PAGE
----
I had to cancel everything. I wasn’t coming out of my house for at least two weeks. Not only the physical part but the mental part, that pushed me. When you have to make big decisions like that, that pushed me to have to make other decisions I knew I couldn’t stay away from anymore. Leaving my relationship, being exactly who I wanted to be, stop not suppressing those parts of me for such a long time. Not relying on other people to make me happy and feel good.
Did you have a support system through all that?
I definitely did. Unfortunately, my ex-boyfriend (the one I was with when I wrote “Heavy”) — ‘cause I say a line “when you lay up, damn, I feel needy / I just can’t take it if it ain’t you who loves me when I naked.” Because I wasn’t loving myself. I was relying on him to love me to make me feel better. He was such a big support to me, but I knew that was my crutch. In order to get better and feel better, I needed to rely on my friends and not just look to him for that support. The people I work with are all my closest friends, they’re basically my family.
What was his reaction to the record?
[Laughs] We were still together when I wrote the song, and he felt it. Because he also was going through his own mental health shit. The thing about that relationship was he was so amazing. He really was my best friend, so incredible, but we both brought each other down without realizing it. We were both so mentally unstable. It was never a malicious thing, it was always “I can’t handle myself so I can’t handle you right now, no matter how hard I want to be there for you.” It was tough, but he definitely understood me. He got it, there’s no hard feelings at all. We still have love for each other.
How has music been a form of therapy for you?
I’m so grateful for music, and the honesty I’m able to have in music. I literally wouldn’t be able to survive without it. All the shit I write about would be stuck in my head, I wouldn’t be able to handle it. Music has always been a coping mechanism for me. It’s always made me feel better. Even if it doesn’t solve my problems, in my head, it helps.
Who are you bumping in your emo moments?
Baby Rose is incredible. Also Miley surprised me at the VMAs. Seeing her performance live took it to a whole new level. She has this new song called “Slide Away,” I literally was like whoa. Wow. From what we see in the tabloids, Miley’s going through her own shit too and it just felt like a vulnerable moment from her. It’s very relatable but also really poetic. It was surprising to me but I loved it, so I’ve been listening to that on repeat too.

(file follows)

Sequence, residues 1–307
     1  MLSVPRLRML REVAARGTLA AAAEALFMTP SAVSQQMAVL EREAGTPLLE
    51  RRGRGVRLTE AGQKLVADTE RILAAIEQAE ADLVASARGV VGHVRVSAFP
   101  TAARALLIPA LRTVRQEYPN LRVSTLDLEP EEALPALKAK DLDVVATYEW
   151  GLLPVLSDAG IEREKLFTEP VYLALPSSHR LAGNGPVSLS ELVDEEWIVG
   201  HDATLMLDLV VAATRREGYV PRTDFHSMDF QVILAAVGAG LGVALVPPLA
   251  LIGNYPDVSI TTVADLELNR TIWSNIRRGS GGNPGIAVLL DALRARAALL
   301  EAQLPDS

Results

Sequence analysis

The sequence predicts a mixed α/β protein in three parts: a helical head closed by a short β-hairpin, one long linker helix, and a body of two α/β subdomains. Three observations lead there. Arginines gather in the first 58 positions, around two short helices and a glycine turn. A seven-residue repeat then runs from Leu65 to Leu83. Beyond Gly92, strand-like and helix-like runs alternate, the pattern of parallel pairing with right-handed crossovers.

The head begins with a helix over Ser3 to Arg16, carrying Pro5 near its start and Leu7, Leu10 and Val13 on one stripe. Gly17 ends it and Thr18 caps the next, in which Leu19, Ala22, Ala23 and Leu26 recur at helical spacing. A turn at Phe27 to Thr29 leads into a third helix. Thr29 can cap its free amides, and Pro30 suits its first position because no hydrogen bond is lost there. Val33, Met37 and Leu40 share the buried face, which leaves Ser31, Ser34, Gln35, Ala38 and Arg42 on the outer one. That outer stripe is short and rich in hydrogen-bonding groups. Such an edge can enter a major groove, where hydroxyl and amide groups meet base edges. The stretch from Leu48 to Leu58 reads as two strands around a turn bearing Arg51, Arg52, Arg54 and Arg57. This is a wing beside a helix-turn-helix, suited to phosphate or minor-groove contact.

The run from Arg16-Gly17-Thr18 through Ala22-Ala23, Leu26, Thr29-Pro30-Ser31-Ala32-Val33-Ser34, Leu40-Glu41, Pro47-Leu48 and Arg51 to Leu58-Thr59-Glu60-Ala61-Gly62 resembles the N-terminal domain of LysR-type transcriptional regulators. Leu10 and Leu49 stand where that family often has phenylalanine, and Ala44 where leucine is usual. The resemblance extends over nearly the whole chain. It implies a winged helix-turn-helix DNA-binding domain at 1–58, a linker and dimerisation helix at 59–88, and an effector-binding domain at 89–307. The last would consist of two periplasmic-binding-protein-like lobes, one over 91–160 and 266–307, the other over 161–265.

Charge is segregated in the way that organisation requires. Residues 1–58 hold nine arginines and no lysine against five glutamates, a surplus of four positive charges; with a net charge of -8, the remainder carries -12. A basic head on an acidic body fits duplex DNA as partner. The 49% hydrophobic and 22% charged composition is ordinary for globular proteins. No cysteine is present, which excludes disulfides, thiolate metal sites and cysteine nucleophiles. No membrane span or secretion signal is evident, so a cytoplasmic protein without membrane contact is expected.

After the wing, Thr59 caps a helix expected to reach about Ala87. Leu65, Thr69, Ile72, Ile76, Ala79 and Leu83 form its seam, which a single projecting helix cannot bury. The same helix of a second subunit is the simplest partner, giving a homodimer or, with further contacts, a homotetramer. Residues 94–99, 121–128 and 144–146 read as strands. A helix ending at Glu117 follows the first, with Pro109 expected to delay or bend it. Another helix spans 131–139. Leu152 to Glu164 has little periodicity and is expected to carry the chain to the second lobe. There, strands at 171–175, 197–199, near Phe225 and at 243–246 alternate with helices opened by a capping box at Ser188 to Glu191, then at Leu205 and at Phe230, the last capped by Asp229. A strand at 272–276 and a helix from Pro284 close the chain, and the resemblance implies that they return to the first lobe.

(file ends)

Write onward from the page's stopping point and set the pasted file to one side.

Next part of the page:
What are some goals yourself as an artist at this point of your career?
Right now, I’m focused on being very present. As a person, as an artist, as a businesswoman. it’s really easy to just get caught up in the future. “What’s next? What’s next?” Because my job is so personal to me, things like performing and interviews where I have to be present in the moment to get the best shit out of myself, is what I’m focusing on the most. It’s really difficult to do but when you do it, it feels really rewarding.
What’s a normal day in the life? Walk us through.
Honestly, my shit’s never the same. Today I woke up, I went for a run. Do some self-care: eat well and run, be good to myself. When I’m at home, I like to run in my gym because there’s not that many distractions. My treadmill opens up to a huge window, which is basically an entire wall. It’s open so you get the breeze, you get to see stuff but there’s nobody in my way. I like to workout in the morning because with my anxiety, it helps clear my brain. Then it takes me about two hours to get ready. I like to have my get ready time where I’m performing to myself in the mirror, singing to A$AP Ferg. Then I’ll go do an interview or to rehearsal, it depends on if I’m touring.
How’s tour life?
Tour life is amazing, I can’t wait to get back on.
What can we expect at your show at The Novo on September 13th?
I haven’t even thought about the fact that I go to The Novo all the time for shows, and I’m performing at the Novo. That’s actually so crazy to me. It’s going to be awesome, we have the whole band. Yes, there will be special guests, but we have some great merch and some cute stage lights I’m programming today. It’s going to be amazing. It’s like all my other shows, but elevated. I just want it to feel really authentic and more organic versions of my songs, but also like a party.
Favorite song to perform in a set?
Probably “Wicked Games” because everyone gets so emotional with me. [laughs] Everybody gets so emotional. I’m crying, they’re crying, we’re all screaming. It’s a great time.
What’s the best encounter you had with a fan?
When I was in DC, I have a super fan named Desha, who’s fucking awesome. She was at all my shit on the East Coast. When you look at the love language test, I’m not a gift person at all. But when you give me gifts, it’s the thought that counts. Even if it’s a card, the fact that somebody’s thinking about me, that’s what I care about. She gave me these earrings that say Kiana with a heart. She got them made on Etsy because she knows I love hoops and nameplate shit. She also got me a Dunkin’ Donuts gift card because I’m obsessed with Dunkin’ Donuts.
How often do you go?
Literally every day I’m home. I went this morning and I’m already on a second coffee. It had Tina from Bob’s Burgers all over the gift card because I love Bob’s Burgers. Then it had my tweet that said “my mom told me I’m spending too much money on Dunkin’, I told her I would stop spending money there — I lied.” She custom-made the card. Just knowing it was something special for me from her and there was so much thought put into it, it made me cry. It was so sweet.
What would you be doing if you weren’t doing music?
I’d be doing something with people, like psychology or makeup. I love doing my makeup. I love the conversations you have with makeup artists or stylists, someone who gets into you as a person. I might do it still one day. I’m just so interested in the human brain, why we act the way we do. If I could do something to help people or make them feel good, just be able to tell their stories. People are my passion at the end of the day.
That works because your music helps people.